to the payless worker who is ready, able and willing to work but is unable to obtain it because his employer's plant is shut down for a vacation period. As Teichler points out, the declaration of policy in section 2 (after noting inter alia that involuntary unemployment is a matter of general concern requiring legislative action), simply states that there must be the establishment of a fund "for the benefit of persons unemployed after qualifying periods of employment." It is to the later operative sections that we must turn for identification of those who are eligible for benefits because of their unemployment and the lapse of qualifying periods (R.S. 43:21-4), those who, though otherwise eligible, are disqualified from receiving benefits (R.S. 43:21-5), and those who are "unemployed" within the contemplation of the law (R.S. 43:21-19). The facts in the instant matter clearly disclose that Mr. Watson was unemployed within the terms of R.S. 43:21-19, was able to work, available for work and actively seeking work within R.S. 43:21-4(c), and had not disqualified himself by leaving voluntarily without good cause within R.S. 43:21-5(a). See Teichler v. Curtiss-Wright Corporation, supra.

The contention is advanced that by virtue of his membership in the union Mr. Watson had "consented" to the shutdown and was therefore "voluntarily unemployed" and ineligible or disqualified under the Compensation Law. But the eligibility and disqualification provisions of that law contain nothing which would suggest that advance consent to a later shutdown is a ground of ineligibility or disqualification, and their only reference to voluntary unemployment is in R.S. 43:21-5(a) which disqualifies an individual from receiving benefits for the week "in which he has left work voluntarily without good cause" and for ensuing weeks as there provided. The quoted language patently has no application here. See Campbell Soup Co. v. Board of Review, Div. of Employment Security, 13 N.J. 431 (1953); Teichler v. Curtiss-Wright Corporation, supra. Mr. Watson's unemployment during the shutdown could hardly be said to have been voluntary, for he had no meaningful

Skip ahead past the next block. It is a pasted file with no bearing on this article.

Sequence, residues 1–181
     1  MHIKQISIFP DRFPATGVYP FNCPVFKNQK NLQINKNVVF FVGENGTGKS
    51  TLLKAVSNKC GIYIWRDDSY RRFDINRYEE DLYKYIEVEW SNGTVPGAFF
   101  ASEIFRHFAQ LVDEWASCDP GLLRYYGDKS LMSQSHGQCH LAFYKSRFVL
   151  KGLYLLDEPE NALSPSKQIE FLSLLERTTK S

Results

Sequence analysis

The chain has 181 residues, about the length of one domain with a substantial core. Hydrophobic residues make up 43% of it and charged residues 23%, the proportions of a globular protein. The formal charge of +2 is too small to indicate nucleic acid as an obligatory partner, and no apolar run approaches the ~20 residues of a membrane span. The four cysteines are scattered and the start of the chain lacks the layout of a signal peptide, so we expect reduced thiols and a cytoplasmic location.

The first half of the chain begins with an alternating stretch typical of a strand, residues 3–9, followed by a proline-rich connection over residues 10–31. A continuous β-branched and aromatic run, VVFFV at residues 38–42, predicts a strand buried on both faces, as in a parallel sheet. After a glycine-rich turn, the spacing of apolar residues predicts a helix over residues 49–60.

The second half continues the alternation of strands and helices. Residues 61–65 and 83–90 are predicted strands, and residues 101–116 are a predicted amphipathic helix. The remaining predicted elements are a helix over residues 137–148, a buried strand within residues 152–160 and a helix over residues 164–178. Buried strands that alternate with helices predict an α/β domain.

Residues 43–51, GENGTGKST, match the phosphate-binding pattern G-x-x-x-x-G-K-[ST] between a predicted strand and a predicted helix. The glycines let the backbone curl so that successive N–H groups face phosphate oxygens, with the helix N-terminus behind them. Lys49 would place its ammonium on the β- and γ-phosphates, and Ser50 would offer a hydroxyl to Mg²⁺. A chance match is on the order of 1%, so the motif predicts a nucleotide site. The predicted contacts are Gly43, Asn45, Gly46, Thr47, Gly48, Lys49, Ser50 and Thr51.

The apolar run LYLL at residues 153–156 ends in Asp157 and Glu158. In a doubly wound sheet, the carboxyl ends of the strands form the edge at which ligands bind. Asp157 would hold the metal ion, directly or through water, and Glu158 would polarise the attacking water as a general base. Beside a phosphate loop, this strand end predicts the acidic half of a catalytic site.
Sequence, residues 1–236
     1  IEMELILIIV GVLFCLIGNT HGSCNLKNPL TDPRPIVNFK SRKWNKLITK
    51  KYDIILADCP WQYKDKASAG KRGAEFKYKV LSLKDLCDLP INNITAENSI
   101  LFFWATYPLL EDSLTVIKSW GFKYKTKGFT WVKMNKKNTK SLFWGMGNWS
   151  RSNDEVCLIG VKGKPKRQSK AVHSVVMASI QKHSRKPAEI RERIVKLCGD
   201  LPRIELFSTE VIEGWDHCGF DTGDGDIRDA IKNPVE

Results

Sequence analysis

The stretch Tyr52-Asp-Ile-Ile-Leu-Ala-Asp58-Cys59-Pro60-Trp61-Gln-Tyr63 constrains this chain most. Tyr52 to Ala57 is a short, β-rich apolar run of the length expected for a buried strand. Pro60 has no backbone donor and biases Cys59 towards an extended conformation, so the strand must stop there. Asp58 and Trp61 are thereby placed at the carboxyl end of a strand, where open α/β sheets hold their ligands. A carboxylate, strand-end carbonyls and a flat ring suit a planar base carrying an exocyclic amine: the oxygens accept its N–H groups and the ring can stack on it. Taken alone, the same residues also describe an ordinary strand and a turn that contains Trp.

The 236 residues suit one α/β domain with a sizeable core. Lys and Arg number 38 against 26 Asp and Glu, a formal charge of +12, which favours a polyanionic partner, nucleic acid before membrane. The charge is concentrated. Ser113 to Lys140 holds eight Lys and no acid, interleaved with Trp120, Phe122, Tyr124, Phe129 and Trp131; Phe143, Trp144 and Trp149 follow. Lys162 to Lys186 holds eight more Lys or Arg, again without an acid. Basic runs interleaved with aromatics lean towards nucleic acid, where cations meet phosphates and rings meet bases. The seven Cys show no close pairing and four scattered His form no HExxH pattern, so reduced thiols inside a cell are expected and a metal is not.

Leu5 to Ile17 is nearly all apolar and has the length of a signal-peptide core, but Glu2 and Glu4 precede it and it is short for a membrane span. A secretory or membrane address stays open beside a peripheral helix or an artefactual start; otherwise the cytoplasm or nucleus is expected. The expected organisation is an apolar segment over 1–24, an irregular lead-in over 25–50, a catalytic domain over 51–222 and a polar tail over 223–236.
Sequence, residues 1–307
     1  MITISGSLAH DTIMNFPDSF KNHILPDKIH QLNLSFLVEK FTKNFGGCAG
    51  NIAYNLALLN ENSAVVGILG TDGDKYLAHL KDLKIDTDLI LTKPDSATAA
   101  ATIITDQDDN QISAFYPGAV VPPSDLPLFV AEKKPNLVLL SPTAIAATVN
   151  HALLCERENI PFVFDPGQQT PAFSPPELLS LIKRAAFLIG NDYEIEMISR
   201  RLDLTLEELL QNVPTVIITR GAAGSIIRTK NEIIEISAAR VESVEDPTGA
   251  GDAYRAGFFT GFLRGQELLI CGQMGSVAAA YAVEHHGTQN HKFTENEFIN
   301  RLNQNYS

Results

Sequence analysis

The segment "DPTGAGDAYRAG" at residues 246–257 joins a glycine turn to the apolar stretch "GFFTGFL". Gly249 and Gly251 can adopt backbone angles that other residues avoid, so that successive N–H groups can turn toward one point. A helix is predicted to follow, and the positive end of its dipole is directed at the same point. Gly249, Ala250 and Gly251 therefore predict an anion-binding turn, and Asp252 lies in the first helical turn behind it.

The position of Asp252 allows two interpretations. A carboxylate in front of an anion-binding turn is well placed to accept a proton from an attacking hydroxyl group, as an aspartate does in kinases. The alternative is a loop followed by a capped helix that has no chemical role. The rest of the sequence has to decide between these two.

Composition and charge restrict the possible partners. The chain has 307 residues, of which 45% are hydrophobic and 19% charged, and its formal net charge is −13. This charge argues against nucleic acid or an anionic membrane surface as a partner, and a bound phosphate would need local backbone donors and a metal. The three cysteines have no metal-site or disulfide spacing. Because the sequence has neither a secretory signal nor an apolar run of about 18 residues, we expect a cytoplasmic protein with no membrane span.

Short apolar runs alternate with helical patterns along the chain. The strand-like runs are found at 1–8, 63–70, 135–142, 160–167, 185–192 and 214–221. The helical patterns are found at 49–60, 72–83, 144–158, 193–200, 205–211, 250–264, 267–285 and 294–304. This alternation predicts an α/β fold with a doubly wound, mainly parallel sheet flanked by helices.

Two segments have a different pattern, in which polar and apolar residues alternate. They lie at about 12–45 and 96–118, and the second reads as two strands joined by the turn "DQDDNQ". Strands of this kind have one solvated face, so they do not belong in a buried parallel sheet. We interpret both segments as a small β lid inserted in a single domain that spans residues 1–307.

[24 NJ Page 603]

freedom of choice; he could not have rejected the tendered employment with the Rubber Company without rendering himself ineligible or disqualified for having refused suitable work, and when the shutdown did occur he was given no alternative but to accept his layoff or "vacation" without pay. See Campbell Soup Co. v. Board of Review, Div. of Employment Security, supra. Under the clear policy expressed in R.S. 43:21-15 his acceptance of employment with knowledge of the prospective layoff or "vacation" without pay could in no event be viewed as a lawful waiver of his right to unemployment benefits under the law. See Glover v. Simmons Co., 31 N.J. Super. 308 (App. Div. 1954); Note, 41 Va. L. Rev. 672 (1955).

It has been suggested that the principle of stare decisis should stay our hand in expressly overruling Glover, even though a majority of the court is now firmly convinced that it embodied a mistaken interpretation of the Unemployment Compensation Law. To the extent that the principle of stare decisis affords a measure of stability it is of great social value. But as we pointed out in Arrow Builders Supply Corp. v. Hudson Terrace Apts., Inc., 15 N.J. 418, 426 (1954), rehearing denied 16 N.J. 47 (1954), the principle is not an absolute one and under cogent circumstances it must give way to the overriding force which dictates that, since the purpose of our legal system is to serve justly the needs of present day society, judges must always remain free to re-examine earlier determinations and correct judicial errors whether they be their own or those of their predecessors. Where, as here, a court is called upon to construe a statute, its function is to seek and carry out the Legislature's purpose as fairly expressed in its language. As the Legislature itself has indicated by its passage of L. 1956, c. 65, and as we at this time recognize, the decision in Glover failed to carry out the legislative purpose, and we know of no sound reason why we should now adhere to its holding. In Asbury Park Press v. City of Asbury Park, 19 N.J. 183 (1955), this court, in an opinion by Justice Burling, recently overruled the statutory interpretation by

[24 NJ Page 604]

the Court of Errors and Appeals in Whirl-O-Ball, Inc., v. City of Asbury Park, 136 N.J.L. 316 (E. & A. 1947), and other instances involving the discarding of earlier statutory interpretations are collected in the Arrow Builders case (15 N.J., at page 426). See Stoffer, "The Supreme Court and Stare Decisis," 9 Rutgers L. Rev. 1 (1954). The legislative and judicial rejection of Glover have come so quickly that there has been no real opportunity for the type of reliance which is generally urged as the most persuasive basis, apart from its inherent soundness, for perpetuating a judicial decision. See Frank, Courts on Trial, 262-289 (1949).